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Cubans ready for another Classic run
Three years ago, the Cuban team was initially not allowed in the tournament. But the U.S. Treasury Department reversed its decisions and decided not to ban Cuba's participation.

It was an historic move, as Cuba had been an international power in baseball and winner of three of the four Olympic gold medals in the preceding 16 years.

They were the winners of the gold medal at the 2004 Olympics in Athens, Greece, and the 2004 International Baseball Federation World Cup in the Netherlands. The Cubans have won the latter tournament 25 times since its inception in 1938. But Cuba had never competed against Major League players in an international tournament.

The closest it came was splitting a pair of exhibition games against the Baltimore Orioles in 1999, losing in Havana and winning at Camden Yards.

With players like center fielder Alexei Ramirez, currently with the White Sox, the Cubans lived up to their reputations by winning five games in the tournament before falling to Japan, 10-6, in the championship game at San Diego's Petco Park.

The Cuban team cruised through the first round, topping Panama and the Netherlands, with its lone loss in Pool C coming against Puerto Rico. The loss was avenged in the second round, when Cuba topped Puerto Rico along with Venezuela to qualify for the semifinals.

The club rebounded from a 7-3 loss to the Dominican Republic in Round 2 with a 3-1 semifinal victory against a Dominican team made up of Major League All-Stars to qualify for the matchup against Japan.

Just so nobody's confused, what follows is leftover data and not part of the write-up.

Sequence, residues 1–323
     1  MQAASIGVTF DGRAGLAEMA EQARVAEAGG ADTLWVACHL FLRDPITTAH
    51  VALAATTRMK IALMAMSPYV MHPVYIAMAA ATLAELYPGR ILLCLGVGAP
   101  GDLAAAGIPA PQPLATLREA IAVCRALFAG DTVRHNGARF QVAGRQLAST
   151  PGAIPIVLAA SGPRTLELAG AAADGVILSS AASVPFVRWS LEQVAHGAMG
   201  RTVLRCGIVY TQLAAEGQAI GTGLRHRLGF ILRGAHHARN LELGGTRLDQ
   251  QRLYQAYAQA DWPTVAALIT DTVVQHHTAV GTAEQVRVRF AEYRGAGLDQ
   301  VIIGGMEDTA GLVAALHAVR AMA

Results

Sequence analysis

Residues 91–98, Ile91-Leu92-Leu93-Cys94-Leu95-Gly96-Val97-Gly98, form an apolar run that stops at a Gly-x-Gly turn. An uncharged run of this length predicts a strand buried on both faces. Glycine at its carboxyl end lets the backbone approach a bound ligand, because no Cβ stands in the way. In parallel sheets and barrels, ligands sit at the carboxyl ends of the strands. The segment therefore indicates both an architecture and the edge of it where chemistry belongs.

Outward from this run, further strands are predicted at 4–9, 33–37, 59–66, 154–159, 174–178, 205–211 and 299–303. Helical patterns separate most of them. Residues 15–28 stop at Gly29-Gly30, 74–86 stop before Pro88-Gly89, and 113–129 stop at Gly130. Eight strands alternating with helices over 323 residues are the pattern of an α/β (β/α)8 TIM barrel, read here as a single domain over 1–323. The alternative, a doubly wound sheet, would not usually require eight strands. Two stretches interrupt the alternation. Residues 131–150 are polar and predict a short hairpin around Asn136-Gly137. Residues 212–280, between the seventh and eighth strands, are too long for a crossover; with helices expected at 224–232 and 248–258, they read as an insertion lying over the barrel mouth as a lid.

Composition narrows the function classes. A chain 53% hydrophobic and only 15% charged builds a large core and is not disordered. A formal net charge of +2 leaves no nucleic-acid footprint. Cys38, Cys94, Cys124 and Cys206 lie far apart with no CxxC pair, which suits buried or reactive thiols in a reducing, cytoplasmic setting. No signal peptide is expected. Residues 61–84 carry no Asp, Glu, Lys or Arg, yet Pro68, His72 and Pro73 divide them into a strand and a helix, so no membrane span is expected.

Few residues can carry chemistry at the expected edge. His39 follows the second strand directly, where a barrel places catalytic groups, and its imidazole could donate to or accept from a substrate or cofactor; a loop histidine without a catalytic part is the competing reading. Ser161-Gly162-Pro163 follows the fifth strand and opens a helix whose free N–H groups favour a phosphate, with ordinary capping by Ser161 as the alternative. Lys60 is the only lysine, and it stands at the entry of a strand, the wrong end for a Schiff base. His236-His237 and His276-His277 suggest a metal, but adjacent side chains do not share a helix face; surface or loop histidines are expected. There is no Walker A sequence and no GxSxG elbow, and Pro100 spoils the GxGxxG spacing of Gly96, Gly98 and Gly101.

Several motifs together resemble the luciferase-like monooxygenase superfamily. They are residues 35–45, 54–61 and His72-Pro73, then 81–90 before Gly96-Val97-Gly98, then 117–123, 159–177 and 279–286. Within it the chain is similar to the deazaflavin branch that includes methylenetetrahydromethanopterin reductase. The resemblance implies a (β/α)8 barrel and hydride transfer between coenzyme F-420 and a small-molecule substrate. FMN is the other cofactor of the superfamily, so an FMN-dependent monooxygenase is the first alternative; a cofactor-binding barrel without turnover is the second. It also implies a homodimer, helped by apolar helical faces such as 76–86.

That win earned Cuba the distinction of being the only Latin American team to reach the final in a field that included such powerhouses as the Dominican Republic and Venezuela. The final was the 37th time Cuba advanced to a championship game, spanning years of Olympic participation, World Cups and Intercontinental Cups.

Ramirez, who helped the White Sox reach the playoffs in 2008, hit .375 (6-for-16) with two doubles and two RBIs for Cuba in the Classic.

Although it is unlikely Ramirez will participate for the Cuban team in 2009, many of the players who helped Cuba get to the final three years ago could return.

Outfielder Yoandy Garlobo, who hit .480 with a .536 on-base percentage, had the fourth-best average of any tournament participant and the second-highest among players with at least 20 at-bats, trailing only Ken Griffey Jr.'s .524 mark in 21 at-bats for the USA.

Outfielder Frederich Cepeda hit .385 with two homers and eight RBIs in 26 at-bats, including a two-run home run in the eighth inning off Soichi Fujita in the final that cut Japan's lead to one run.

Outfielder Osmany Urrutia (.345), first baseman Arriel Borrero (.318) and third baseman Yulieski Gourriel (.273) should be back to form the nucleus of what will likely be another productive offense. Cuba's team batting average in the 2006 Classic was .283, and the club's 44 runs and 117 total bases surpassed every team except Japan.

Starting catcher Ariel Pestano and shortstop Eduardo Paret could also be back for return engagements.

Pitchers Yadel Marti (1-0 with a 0.00 ERA in four games) and Pedro Lazo (1-0, 2.45), who helped beat the Dominican Republic to put the Cuban team in the final, are expected back, along with Ormani Romero (2-1, 4.15), who started against the Japanese.


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